Although Skype video chat has become a popular tool for people seeking face-time communication on computers, the webcams on PCs don’t really lend themselves to group chat--if you’ve ever tried to crowd several family members around a PC, you know it’s tough to get everyone in the frame. The TelyHD from Tely Labs addresses the search for family-friendly videoconferencing with a Skype-enabled, Android-based network device that doesn’t use a PC at all: Instead, it takes advantage of your HDTV’s big screen and bundles a webcam (with a microphone and speaker) that can capture high-definition images of several people seated on a living-room sofa.
At £99 (as of January 12, 2012), the TelyHD is less expensive than some other living-room videoconferencing systems we’ve seen (most notably the Cisco Umi, which required subscribing to a proprietary service and is no longer being sold to consumers). Even more important, the TelyHD communicates with any Skype client, so you can use it even if the party at the other end doesn’t have the device.
I tried out a TelyHD with both another TelyHD user and a Skype PC caller, and while the quality of the video wasn’t what I’d hoped for--the large images appeared worse than the small images shown on a laptop, looking generally fuzzy, frequently pixelated, and occasionally frozen--the product generally performed as billed. In addition to enabling group video chat, the TelyHD has some Tely-to-Tely features, including support for video voicemail and a cute photo-sharing feature that lets you upload JPG images to another party.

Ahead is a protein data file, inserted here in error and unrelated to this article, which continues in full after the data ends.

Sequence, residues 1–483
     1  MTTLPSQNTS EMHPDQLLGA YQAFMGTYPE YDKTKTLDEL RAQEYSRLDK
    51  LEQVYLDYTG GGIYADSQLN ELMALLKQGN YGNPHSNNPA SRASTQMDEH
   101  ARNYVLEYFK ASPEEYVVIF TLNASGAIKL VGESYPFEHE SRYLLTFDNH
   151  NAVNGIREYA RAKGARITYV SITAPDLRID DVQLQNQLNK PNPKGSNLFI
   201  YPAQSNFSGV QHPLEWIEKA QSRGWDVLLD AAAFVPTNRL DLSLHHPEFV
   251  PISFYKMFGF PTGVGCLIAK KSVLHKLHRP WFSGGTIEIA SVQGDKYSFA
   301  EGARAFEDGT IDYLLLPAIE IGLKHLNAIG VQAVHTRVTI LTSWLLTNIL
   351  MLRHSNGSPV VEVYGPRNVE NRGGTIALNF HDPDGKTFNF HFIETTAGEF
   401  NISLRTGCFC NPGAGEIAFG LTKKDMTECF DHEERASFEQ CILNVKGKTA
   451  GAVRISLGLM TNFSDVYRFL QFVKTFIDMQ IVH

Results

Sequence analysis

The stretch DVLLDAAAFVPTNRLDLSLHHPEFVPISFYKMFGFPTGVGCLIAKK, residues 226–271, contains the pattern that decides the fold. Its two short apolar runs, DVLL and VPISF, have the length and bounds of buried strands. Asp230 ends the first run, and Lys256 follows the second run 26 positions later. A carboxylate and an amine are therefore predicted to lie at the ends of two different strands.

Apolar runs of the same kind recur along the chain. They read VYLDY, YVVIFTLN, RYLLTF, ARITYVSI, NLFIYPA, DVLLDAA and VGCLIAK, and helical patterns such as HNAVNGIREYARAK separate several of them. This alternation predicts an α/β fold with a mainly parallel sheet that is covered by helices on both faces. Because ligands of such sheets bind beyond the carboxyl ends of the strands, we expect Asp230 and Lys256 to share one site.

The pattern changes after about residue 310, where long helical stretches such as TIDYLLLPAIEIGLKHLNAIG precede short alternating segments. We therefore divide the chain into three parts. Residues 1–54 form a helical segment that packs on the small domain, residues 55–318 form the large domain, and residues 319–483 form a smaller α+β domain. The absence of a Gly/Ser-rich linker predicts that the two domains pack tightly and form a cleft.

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The TelyHD is a black cylinder roughly the size of a skinny paper towel roll, with an adjustable folding bracket for mounting on top of a flat-screen TV (I had to move my Wii receiver to install the TelyHD). The webcam lens faces front; on the back are an HDMI port for connecting to the HDTV with an included cable; an ethernet port for connecting to the network (a wired hookup is recommended, but 2.4GHz 802.11n Wi-Fi is also supported); a port for the AC adapter; and a USB port and SD Card slot for the image-sharing feature.
Once you've connected the HDMI and power cables, the TelyHD automatically launches its guided setup routine (you must activate the device's HDMI input to see the Tely user interface). You control all aspects of the TelyHD using the provided remote, which is about the size of a business card and has standard navigation buttons (four arrow keys surrounding a selection key) as well as menu and call-hangup buttons.
In the guided setup, you adjust the screen footprint of the TelyHD's image, set up Wi-Fi (if need be), and then set up your Skype account using an on-screen keyboard. The unit will save your Skype ID and login details so you don’t have to tap them in again.
The default screen layout is thoughtfully designed, with help (usually showing what the remote can do) in the left pane and actual content on the right. After setup, if you’ve input your Skype information, the right screen will show your contacts as a series of circles that you can scroll through horizontally. To initiate a call, you simply navigate to a contact and press the select button.